web analytics
CamrynCamryn

Unlike so many young artists whose handlers and producers mask their vocal and perform [ ... ]

+ Full Story
VARIOUS - Dope On Plastic 5VARIOUS - Dope On Plastic 5

While other trip hop / big beat compilations come and go, the Duracell powered D.O.P. se [ ... ]

+ Full Story
EUPHONIC - EuphonicEUPHONIC - Euphonic

'Diverse' and 'varied' are over-used words in music today (well, no-one likes being obvi [ ... ]

+ Full Story
Diana MiroDiana Miro

Diana Miro is a house singer and electronic music producer from Kiev, Ukraine. Critic [ ... ]

+ Full Story
 
This email address is being protected from spambots. You need JavaScript enabled to view it.

Articles

LOS LOBOS This Time

1999 was The Year of the Wolf. After disappearing into the commercial wilderness for several years, Los Lobos have returned with a flood of material. Earlier this year, fans were pleasantly surprised to see new albums by guitarist Cesar Rosas, singer-songwriter David Hidalgo's blues project Houndog, and the second installment of the Latin Playboys, the remarkable combo led by Hidalgo and percussionist Louie Perez. And now, finally, they've all convened for Los Lobos' seventh album. Producers Mitchell Froom and Tchad Blake have mixed down Los Lobos' sound, giving it a deeper bottom end and heavier guitars than ever before.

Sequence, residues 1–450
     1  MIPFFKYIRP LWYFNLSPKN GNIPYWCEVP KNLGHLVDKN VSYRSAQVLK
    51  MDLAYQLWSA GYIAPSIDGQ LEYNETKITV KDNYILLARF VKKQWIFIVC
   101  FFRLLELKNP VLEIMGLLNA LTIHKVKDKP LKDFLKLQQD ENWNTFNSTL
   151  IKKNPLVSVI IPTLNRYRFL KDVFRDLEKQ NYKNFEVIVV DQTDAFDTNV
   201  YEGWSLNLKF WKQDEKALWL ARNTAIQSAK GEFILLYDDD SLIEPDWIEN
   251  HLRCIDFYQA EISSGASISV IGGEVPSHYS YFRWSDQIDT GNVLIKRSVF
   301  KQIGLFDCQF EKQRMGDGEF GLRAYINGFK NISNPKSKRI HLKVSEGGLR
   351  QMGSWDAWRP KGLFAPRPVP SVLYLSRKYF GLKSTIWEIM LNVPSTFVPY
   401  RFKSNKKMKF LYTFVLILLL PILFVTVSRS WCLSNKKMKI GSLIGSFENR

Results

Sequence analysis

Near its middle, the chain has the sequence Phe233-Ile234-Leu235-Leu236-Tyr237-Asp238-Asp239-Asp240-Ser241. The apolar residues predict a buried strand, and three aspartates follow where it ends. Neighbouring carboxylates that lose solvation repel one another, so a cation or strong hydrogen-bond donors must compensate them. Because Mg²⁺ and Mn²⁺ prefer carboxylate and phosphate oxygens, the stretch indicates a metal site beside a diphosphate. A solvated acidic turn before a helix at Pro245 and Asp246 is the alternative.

"Viking" sets corrosive guitars and fuzzed-out bass against an oddly appropriate horn riff. It sounds like a heavy-metal biker anthem spiked with Spanish flavor and a pulsing beat. "High Places" features explosive, intertwining guitar work worthy of Television. Unfortunately, This Time is marred by terrible lyrics, which is strange, given the great writing on the latest Latin Playboys album. The lyrics to "Viking" are so off-hand and conversational that they're swallowed up by the power of the guitars and the driving beat.

I don't want to harp on this too much, because ultimately This Time is a groove album, a hard-rocking and casually inventive good time. On "La Playa", Hidalgo croons in Spanish and English over a disorienting array of gamelan percussion, ambient keyboards and a lo-fi coil of electric guitar. The song is a mix of traditions, but hardly traditional. It's a remarkable accomplishment for a band comprised of that rarest breed of rock musicians who get more experimental and adventurous, as they grow older.